Directions after Billy Collins
You know the railway line at the back of the house the one on the embankment high above the garden the one where from the sitting room window you felt that the train was coming into the room? And you know that you can cross the line walk down the steps to the footpath which goes along the side of the house and come to the front door and ring the bell? Well, I will let you in and take you to the garden. The best time is an early summer’s evening. The garden is on the east side of the house but the roof is low enough for sunset to spill across the lawn to catch the roses on the far side where Dublin Bay is a rich dark red velvet that you’d want to touch and wear. But it is hard to speak of these things of the trees at dusk, their leaves turned to silver by the breeze of the unseen high blackbird singing his goodnight aria of Bantry Bay rambling pink against the dark green nettles on the other side of the fence of the air surprised by the honeysuckle of where you must stand on the terrace and breathe in these moments. Still, let me know before you set out before you turn off the road into the village and when you ring my bell I will be waiting with a glass of wine on the table on the terrace in the garden waiting to share these moments.
Yesterday I didn’t go to the beach
but today I want to see the sun rise and say goodbye to the full moon. The high cliff’s shadow stretches out into the sea across the steep shingle bank pockmarked by a thousand footfalls where a red lifebelt planted on top commands against the pale sky in an emergency you must call the coastguard; the only sound the retreating foam arguing with the next wave in hiss and purr; soon the sea is dotted with coloured caps and splashings of dawn bathers; further out two tall pylons one red one green insist on the way into the harbour; a lone detectorist appears sweeping in swaying lines from the water’s edge to the shingle bank; a little dog watches me watch the cliff’s shadow retreat while behind us in the harbour a patient diesel engine beats the time as fishermen prepare to go sea and over the fields gulls call up the day.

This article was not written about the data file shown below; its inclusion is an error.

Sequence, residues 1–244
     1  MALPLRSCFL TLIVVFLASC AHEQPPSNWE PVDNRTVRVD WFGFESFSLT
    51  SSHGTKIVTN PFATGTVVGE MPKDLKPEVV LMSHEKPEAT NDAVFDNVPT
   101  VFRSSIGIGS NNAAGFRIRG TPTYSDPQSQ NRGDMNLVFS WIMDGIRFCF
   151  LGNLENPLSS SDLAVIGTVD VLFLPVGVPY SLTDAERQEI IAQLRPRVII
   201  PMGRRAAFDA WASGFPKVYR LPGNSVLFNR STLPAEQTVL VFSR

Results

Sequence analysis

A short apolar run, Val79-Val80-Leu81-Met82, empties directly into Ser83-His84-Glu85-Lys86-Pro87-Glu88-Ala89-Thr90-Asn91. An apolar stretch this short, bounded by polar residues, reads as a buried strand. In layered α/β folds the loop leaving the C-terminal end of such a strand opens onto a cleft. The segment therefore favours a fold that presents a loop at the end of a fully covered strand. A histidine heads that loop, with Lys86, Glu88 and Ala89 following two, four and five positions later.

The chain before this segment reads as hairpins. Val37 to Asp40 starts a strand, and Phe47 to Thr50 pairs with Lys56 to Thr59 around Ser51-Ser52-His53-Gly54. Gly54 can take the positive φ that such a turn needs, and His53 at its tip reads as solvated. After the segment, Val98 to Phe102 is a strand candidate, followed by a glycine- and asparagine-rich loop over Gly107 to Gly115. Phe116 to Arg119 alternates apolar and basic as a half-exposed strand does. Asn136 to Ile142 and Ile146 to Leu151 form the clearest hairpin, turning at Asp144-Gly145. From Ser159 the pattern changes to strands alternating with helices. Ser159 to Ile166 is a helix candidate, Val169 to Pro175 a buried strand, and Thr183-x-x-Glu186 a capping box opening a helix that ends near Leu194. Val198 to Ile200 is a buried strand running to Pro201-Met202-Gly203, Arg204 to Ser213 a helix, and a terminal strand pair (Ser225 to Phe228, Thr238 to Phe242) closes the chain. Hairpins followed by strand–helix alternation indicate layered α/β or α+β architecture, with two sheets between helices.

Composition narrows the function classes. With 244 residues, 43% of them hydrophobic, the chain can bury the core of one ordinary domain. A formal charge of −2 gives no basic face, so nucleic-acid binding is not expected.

If I’d told you
Last night I went back to where it began. You were still staring at me with your wide-open blind eyes when you told me forcing me to share your pain when you were cast adrift from the certainty you loved and how you’d screamed silently and no one knew and no help came and you were afraid to ask to know and you’d lashed out angrily and you were there for twenty years hating him and it had turned you sour. If I’d told you at that time when I found the letter I would have told you what it was and what it wasn’t. Last night I went back to where it began regretting it was too late.
Sandy is an ‘infant poet’ still in her nappies After a career in IT and then as a portrait photographer, she is learning the trade and writes about whatever passes before her eyes, of life, love, landscape and death.